The MLB has its first lockdown in 26 years
With team owners blocking negotiations to this point, Spring training and the start of the next season are in jeopardy.
After the sport's collective bargaining agreement expired on Wednesday, Dec. 1 and, after failing to reach a new one, the team owners made the decision to immediately block their players from work, sparking the first MLB lockdown since 1995.
The measure, which threatens the start of training sessions and could delay the start of the next season, was made at a time to prevent players from leaving their teams in the Summer, as happened in 1994. It also ends four consecutive agreements between players and owners to avoid the stoppage.
The talks that ended on Dec. 1, several hours before the deal expired, started in the Spring with two parties unable to agree on key economic issues and ended with the lockdown decision by the 30 team owners.
According to representatives of the players, the decision to block will not prevent them from continuing to seek a "fair contract," as well as a new collective bargaining agreement that improves the conditions of the league. Likewise, negotiations seek to raise the average salary of the players as well improve conditions for those players considered "middle class," who especially suffer when teams rebuild.
Within the union's requests to management, the reduction of the time of service necessary for free agency and salary arbitration were rejected, considering that they significantly alter the economic structure of league. Likewise, through a statement, the union also stated that the lockout had been calculated to pressure the players to renounce their rights and benefits, thus abandoning the good faith negotiation proposals that would benefit both the players and the game in general.
Manfred, who succeeded Bud Selig as MLB commissioner in 2015 after working 25 years as an MLB labor negotiator, has publicly criticized the union.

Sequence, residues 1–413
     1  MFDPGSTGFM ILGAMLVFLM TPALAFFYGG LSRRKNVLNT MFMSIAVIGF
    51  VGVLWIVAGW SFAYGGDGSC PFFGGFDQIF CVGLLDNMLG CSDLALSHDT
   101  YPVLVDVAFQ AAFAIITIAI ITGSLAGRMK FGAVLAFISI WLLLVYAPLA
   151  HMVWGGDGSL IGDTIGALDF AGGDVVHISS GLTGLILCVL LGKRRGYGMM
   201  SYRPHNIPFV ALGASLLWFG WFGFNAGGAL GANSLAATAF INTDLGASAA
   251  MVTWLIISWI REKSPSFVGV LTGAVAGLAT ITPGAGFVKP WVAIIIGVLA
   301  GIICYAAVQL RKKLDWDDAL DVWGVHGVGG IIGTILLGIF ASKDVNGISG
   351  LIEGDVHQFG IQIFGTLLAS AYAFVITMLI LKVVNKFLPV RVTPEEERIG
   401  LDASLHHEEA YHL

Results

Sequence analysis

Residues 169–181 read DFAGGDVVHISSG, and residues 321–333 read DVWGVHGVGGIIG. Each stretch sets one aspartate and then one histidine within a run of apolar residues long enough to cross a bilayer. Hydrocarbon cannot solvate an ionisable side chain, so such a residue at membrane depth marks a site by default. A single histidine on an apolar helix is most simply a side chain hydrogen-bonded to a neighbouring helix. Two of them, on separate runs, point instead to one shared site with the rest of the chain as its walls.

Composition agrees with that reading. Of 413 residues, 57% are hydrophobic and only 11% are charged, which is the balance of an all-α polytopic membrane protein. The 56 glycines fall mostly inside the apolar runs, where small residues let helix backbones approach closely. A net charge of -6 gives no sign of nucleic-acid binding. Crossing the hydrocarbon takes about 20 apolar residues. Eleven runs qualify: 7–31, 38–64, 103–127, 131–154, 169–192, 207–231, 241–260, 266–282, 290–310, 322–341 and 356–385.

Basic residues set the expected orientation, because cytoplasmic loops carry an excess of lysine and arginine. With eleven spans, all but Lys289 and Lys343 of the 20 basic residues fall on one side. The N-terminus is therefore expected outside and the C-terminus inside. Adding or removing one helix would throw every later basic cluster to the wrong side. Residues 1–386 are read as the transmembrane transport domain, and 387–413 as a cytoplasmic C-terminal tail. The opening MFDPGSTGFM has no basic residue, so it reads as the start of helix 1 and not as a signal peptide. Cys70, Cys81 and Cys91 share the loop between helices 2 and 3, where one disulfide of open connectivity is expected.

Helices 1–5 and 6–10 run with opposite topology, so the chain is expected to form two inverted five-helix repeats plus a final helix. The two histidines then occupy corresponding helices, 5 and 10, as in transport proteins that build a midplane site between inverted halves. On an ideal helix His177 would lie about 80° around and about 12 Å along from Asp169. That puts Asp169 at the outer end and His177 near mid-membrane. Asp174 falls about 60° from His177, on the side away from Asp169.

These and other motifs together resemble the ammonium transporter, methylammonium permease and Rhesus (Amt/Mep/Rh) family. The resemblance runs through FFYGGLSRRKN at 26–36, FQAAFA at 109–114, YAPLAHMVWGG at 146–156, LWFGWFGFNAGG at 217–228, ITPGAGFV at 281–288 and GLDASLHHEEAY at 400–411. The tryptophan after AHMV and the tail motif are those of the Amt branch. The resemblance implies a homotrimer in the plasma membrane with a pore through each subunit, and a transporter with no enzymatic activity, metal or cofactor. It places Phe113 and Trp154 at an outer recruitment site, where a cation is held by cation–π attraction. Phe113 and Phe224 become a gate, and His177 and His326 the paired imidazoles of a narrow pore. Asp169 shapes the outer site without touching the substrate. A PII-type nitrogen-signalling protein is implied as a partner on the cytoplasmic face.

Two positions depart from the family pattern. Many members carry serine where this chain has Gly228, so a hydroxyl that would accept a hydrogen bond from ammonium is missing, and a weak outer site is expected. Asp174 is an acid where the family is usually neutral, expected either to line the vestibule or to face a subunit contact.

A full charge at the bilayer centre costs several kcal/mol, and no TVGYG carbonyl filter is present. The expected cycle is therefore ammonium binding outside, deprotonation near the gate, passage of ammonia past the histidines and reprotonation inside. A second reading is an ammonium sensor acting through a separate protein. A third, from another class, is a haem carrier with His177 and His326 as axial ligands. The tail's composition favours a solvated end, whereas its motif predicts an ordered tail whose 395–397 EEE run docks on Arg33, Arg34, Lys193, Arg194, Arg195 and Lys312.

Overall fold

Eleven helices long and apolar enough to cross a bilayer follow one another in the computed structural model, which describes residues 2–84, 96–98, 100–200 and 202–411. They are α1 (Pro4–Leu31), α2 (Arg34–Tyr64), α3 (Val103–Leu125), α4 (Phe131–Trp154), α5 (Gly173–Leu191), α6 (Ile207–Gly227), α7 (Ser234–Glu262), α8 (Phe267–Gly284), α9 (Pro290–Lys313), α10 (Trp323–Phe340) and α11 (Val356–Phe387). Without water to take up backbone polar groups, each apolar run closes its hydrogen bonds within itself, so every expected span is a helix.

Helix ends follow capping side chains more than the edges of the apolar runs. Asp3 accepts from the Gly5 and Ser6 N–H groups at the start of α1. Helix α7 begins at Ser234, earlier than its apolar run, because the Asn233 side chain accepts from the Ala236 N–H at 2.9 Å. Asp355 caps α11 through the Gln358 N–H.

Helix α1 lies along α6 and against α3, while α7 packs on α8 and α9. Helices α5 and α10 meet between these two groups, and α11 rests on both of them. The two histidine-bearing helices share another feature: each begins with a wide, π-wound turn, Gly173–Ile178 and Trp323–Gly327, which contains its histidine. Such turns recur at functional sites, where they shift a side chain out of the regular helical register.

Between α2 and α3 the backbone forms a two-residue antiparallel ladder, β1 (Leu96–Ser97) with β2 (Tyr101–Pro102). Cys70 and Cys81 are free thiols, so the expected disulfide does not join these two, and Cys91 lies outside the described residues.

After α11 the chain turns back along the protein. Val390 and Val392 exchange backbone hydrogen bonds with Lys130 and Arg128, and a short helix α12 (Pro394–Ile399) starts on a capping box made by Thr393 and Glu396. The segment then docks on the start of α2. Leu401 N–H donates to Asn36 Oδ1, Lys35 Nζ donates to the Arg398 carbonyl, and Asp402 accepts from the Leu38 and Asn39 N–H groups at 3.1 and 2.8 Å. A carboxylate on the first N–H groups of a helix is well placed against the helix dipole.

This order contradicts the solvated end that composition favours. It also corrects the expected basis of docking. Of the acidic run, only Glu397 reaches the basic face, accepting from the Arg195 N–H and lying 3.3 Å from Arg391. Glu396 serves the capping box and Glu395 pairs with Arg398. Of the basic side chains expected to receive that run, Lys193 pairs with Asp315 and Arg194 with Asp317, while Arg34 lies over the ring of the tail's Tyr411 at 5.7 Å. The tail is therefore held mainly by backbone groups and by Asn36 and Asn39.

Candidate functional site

In a letter that he shared through Major League Baseball's social media and addressed to fans, he noted: “I want to explain to you how we got here and why we have to take this action today. Simply put, we believe that an offseason lockout is the best mechanism to protect the 2022 season. We hope that the lockout will jumpstart the negotiations and get us to an agreement that will allow the season to start on time. This defensive lockout was necessary because the Players Association’s vision for Major League Baseball would threaten the ability of most teams to be competitive. It’s simply not a viable option. From the beginning, the MLBPA has been unwilling to move from their starting position, compromise, or collaborate on solutions.”
The commissioner also highlighted that they worked hard to “find compromise while making the system even better for players, by addressing concerns raised by the Players Association.
"We offered to establish a minimum payroll for all clubs to meet for the first time in baseball history; to allow the majority of players to reach free agency earlier through an age-based system that would eliminate any claims of service time manipulation; and to increase compensation for all young players, including increases in the minimum salary. When negotiations lacked momentum, we tried to create some by offering to accept the universal Designated Hitter, to create a new draft system using a lottery similar to other leagues, and to increase the Competitive Balance Tax threshold that affects only a small number of teams."
He also clarified that “this hard but important step does not necessarily mean games will be cancelled. In fact, we are taking this step now because it accelerates the urgency for an agreement with as much runway as possible to avoid doing damage to the 2022 season."
"Delaying this process further would only put Spring Training, Opening Day, and the rest of the season further at risk – and we cannot allow an expired agreement to again cause an in-season strike and a missed World Series, like we experienced in 1994. We all owe you, our fans, better than that," Manfred continued.
The immediate impacts of the breakdown in negotiations were a league memo to teams reporting the failure to reach an agreement, as well as the cancellation of next week's annual winter meetings in Orlando, Florida. It also noted that teams should kick players out of team training facilities and weight rooms, and recommended slowing down ticket sales by 2022.